This year I needed to pass an emissions test to renew my car registration. My re-registration month is July, but I didn’t manage to get into a testing location during that month. There were question marks in my mind about whether I would pass. I drive a 2003 VW station wagon, and it’s lemony – though I would describe it at this point as a beater, not a junker. It’s at 120,000-odd miles and still going strong, but it’s fussy and needs love.
Anyway, I wanted to take it to the shop before I did the emissions test, but things happened and I kept forgetting, and the months passed. A couple weeks ago, the car started coughing and farting, and so I finally took it in for a tuneup. It needed a new exhaust hose and a few other things, and an oil change and new filters. Also a front headlight had been out for quite a while.
So I got all that stuff fixed up, and today I finally made it to the emissions testing location.
Which is to say, for 4.5 months I was driving around all over the place with an expired registration and a broken headlight. Also my car is filthy. It’s keyed and banged up, dinged by a thousand times by the moms and kids who are the primary denizens of my early-childhood world. The trunk, well-visible to the outside world, is filled with a disheveled pile of reusable bags. I am the bag lady. There’s barely room to put anything in the rear because of the bags. Either that, or the pile is hiding something underneath, something nefarious and illegal.
I pulled in for the emissions test today, at a rapid-oil-change business near my home. Three very professional men were staffing the business, and they happened to be black. Unlike Tomi Lahren, I see race, because it is on the face of people, so I noticed they were black. On the other hand, it wouldn’t normally be a significant data point to me in this setting. But the way black men are sometimes treated during traffic stops has been heavy on my mind for the last 4.5 months. During which I was never once pulled over. So today I took more notice of it than usual.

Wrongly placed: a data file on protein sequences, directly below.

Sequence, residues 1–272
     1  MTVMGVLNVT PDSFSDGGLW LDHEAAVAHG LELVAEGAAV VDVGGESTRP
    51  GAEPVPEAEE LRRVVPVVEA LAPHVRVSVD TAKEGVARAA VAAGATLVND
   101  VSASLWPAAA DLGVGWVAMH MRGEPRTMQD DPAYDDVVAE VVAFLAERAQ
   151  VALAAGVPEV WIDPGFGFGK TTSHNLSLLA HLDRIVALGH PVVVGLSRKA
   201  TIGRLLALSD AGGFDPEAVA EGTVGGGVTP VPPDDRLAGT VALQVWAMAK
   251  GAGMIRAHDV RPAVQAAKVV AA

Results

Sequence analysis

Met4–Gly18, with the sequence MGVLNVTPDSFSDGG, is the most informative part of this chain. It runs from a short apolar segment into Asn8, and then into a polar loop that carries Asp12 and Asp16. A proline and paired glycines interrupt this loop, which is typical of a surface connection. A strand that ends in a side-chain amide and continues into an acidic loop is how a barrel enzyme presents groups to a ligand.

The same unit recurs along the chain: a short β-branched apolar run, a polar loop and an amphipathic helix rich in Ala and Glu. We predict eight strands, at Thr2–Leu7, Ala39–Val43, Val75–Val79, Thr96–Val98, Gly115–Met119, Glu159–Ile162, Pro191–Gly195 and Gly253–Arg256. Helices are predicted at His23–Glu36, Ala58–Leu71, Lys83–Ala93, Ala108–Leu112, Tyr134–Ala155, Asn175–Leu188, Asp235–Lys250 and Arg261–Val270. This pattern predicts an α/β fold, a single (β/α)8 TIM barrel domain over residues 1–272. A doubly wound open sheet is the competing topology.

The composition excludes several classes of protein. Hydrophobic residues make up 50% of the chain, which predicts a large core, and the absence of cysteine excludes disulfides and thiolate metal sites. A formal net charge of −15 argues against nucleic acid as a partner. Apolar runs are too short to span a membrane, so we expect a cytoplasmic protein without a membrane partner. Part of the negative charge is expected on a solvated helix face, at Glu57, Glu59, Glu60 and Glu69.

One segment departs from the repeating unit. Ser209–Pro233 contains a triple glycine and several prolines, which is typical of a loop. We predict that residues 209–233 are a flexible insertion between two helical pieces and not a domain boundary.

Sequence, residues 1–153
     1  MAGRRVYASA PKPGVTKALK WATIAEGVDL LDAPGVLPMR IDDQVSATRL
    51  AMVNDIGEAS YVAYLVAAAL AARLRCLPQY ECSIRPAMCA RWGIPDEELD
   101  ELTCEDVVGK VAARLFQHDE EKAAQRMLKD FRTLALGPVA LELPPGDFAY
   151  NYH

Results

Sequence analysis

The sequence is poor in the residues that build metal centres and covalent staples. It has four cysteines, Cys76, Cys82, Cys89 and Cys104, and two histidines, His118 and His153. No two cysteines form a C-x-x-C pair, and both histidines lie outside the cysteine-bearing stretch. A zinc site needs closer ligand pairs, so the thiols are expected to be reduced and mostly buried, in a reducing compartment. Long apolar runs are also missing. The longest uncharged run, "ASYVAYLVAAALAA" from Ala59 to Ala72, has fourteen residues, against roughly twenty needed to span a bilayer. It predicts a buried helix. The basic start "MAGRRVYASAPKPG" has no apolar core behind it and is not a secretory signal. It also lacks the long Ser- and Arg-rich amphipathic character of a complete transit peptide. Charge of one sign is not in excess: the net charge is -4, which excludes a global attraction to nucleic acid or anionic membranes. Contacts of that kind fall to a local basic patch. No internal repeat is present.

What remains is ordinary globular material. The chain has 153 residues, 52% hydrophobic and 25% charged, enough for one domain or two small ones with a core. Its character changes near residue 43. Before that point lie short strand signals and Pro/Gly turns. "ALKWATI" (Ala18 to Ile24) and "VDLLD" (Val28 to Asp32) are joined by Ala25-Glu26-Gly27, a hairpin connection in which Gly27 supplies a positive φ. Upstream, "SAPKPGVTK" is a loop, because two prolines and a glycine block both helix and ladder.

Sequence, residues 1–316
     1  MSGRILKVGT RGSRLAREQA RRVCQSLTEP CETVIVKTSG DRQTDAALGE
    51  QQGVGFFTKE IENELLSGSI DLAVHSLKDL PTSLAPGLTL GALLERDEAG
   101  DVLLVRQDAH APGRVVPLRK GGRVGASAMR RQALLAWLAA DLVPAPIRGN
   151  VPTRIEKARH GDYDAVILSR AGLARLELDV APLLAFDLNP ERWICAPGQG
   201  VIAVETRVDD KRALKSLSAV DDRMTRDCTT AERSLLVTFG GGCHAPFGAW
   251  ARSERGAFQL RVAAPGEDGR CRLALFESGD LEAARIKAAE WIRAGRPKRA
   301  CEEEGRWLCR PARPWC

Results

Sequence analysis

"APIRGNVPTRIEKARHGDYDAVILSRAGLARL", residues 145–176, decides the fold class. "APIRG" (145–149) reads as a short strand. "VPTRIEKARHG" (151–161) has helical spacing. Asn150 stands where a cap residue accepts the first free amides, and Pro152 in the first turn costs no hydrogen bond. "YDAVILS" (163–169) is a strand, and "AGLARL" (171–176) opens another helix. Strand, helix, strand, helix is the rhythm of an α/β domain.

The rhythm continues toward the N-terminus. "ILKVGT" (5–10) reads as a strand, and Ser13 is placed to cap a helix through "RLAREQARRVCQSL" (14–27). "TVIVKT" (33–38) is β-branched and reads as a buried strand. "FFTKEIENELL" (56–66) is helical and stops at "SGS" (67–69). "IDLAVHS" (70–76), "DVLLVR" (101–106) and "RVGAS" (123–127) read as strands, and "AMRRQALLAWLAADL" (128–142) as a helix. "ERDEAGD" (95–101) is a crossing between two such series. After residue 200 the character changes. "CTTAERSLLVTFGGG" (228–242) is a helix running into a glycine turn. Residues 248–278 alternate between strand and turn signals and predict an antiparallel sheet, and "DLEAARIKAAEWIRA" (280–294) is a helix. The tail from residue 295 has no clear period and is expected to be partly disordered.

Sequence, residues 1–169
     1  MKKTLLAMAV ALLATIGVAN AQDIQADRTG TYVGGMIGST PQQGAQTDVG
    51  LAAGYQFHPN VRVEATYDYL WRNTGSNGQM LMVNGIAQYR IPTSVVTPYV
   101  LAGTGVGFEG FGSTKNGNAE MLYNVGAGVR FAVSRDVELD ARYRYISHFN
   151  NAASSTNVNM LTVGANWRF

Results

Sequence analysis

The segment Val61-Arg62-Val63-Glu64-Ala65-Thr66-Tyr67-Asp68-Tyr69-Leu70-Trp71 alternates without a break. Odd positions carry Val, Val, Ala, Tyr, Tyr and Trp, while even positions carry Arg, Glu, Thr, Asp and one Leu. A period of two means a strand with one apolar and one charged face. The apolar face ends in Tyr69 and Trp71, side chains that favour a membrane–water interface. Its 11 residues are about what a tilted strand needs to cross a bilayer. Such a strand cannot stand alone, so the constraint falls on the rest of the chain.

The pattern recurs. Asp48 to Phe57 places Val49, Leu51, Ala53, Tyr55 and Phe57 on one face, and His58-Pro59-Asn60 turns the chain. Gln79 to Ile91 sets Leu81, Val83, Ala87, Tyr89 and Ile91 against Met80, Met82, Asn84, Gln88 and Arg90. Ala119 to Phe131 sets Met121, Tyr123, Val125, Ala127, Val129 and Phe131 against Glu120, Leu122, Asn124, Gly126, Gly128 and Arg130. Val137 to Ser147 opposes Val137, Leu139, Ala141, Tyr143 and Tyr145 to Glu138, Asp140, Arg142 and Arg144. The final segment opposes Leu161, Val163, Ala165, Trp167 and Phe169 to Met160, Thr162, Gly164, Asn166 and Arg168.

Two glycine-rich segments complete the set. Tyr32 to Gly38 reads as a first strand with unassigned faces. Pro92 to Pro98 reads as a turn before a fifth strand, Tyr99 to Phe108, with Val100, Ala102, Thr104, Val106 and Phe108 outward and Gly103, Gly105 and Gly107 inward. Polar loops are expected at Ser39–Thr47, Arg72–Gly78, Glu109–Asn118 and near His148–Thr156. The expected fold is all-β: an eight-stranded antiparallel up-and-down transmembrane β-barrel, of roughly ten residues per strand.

As I waited for the emissions test results, I wondered if these well-mannered, professional, pleasant men had any particular thoughts when they saw someone like me come in — a mostly white-looking (though perhaps they would spot my ethnicity), middle-aged woman, driving around with a long-expired registration, having obviously paid no price for it except a ten-dollar late fee.
Do they look at me and shake their heads, thinking “white privilege in action”? Are they indifferent? Do they feel angry?
I don’t know. I only know that I would deserve that.
Because I got away with it. I was never pulled over. No police car ever tailed me suspiciously. I never felt unsafe. I mean, I didn’t want to pay a ticket, so I worried about that. And I worried how Jesse might react, what with her anxiety, if I was pulled over with her in the car. But I never worried that I would be shot or arrested or humiliated or killed because of my expired registration.
And I admit, I was in no hurry to renew the registration or get that headlight fixed. It was a little bit of a personal social experiment. I kept waiting and waiting as the months passed, to be pulled over. Didn’t I deserve to be? Would a cop ever bother to run the plates on a station wagon piloted by my pudgy cheeks, fair skin, and graying very straight hair? After I parked somewhere, would a cop ever wander over innocently to look in the window of my filthy car, full of bags hiding who-kn0ws-what, and find an excuse to search it?